Bits from August LAG 1: Tenancy Deposits

As ever, the lovely Legal Action housing updates have some interesting County Court cases that hadn’t reached us. A couple in the August edition concern tenancy deposit cases. Nothing binding (and when will some of these cases reach a higher court?), but interesting.

Woods v Harrington, Haverfordwest County Court. 19 May 2009. Ms Woods had a 12 month AST from May 2008. The tenancy agreement stated that there was a £600 deposit ‘as security for the faithful performance of the terms of the lease’. The deposit was not paid into a scheme. During the 12 month term, Ms Harrington, the landlord agreed to accept notice to terminate the tenancy early and possession was given in March 2009. The deposit was not returned. After two weeks, Ms Woods issued proceedings for the return of the deposit, without warning. Ms Harrington counterclaimed for damage and paid the deposit into a scheme in April 2009. At trial, the DJ noted that the requirements of s.213 Housing Act 2004 had not been met during the life of the tenancy. The late payment was made in the hope of avoiding the repercussions of s.214. This was not only contrary to the letter of the law but its spirit and the public policy it embodied. Parliament could not have intended that a landlord could ignore the legislation then avoid its effects by late compliance after the end of the tenancy. Return of the deposit and 3 times deposit payment ordered and directions given on landlord’s counterclaim.

This is one of a number of cases now where the County Court judges have taken the view that late compliance is not sufficient, in this case specifically compliance after the end of the tenancy. It is still a lottery, of course.

Delicata v Sandberg, Central London County Court. 2 June 2009. Ms Sandberg was granted a 12 month AST in July 2007. The deposit was not protected until August 2007. The landlord had served a s.21 notice on the same day the tenancy agreement was signed. In April 2008, Ms Sandberg was sent to prison. She had notified the landlord in advance. While she was in prison and without warning to her, the landlord issued accelerated possession proceedings relying on the s.21 notice from July 2007. A possession order was obtained and then in April 2009 a warrant of possession, both while Ms Sandberg was in prison and without her having been served with papers there. She returned to the flat on her release in May 2009. The landlord applied for a warrant of restitution. At court, the DJ accepted that the possession order should be set aside. The landlord could not rely on a s.21 notice served while the deposit was not protected – s.215(1) Housing Act 2004 – as it was invalid.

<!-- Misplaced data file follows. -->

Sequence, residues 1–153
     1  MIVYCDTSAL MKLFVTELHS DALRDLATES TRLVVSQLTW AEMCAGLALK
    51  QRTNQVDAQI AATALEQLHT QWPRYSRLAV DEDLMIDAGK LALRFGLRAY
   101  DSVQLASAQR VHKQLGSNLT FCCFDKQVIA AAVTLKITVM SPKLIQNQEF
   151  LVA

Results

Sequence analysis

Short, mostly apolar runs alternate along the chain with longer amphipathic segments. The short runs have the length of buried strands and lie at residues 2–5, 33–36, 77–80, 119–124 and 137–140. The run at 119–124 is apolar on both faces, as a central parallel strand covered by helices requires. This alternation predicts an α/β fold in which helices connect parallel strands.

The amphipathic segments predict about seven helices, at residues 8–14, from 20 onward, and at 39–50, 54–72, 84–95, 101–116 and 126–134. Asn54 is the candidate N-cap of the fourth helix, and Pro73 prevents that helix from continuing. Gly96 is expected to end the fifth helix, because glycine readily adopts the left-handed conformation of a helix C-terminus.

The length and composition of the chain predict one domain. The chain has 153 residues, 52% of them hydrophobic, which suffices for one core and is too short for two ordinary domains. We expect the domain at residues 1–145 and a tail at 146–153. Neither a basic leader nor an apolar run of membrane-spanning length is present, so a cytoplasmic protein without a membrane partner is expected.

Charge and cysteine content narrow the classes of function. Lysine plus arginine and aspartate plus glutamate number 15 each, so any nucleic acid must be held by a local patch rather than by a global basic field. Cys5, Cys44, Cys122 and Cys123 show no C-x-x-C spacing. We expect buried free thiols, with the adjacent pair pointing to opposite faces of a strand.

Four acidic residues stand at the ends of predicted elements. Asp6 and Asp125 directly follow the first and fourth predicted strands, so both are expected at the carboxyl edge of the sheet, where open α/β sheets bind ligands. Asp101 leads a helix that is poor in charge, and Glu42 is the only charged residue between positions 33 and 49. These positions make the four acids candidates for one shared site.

This may be quite an extreme case, but confirms what we have always said. A s.21 notice served with the tenancy agreement is invalid unless the deposit has been received and protected beforehand, which is unusual.

[For all tenancy deposit posts, click here.]

About Giles Peaker

Giles Peaker is a solicitor and partner in the Housing and Public Law team at Anthony Gold Solicitors in South London. You can find him on Linkedin and on Twitter. Known as NL round these parts, and still is Nearly Legal on Google +.
Posted in Assured Shorthold tenancy, Deposits, Housing law - All and tagged , , , .

26 Comments

  1. Pingback: The Landlord Law Blog

    • This bit is interesting:
      “However, it is clear that where a landlord and tenant enter into two successive tenancy agreements and the
      landlord retains deposit monies from one tenancy to the next the landlord will be deemed to have “received” those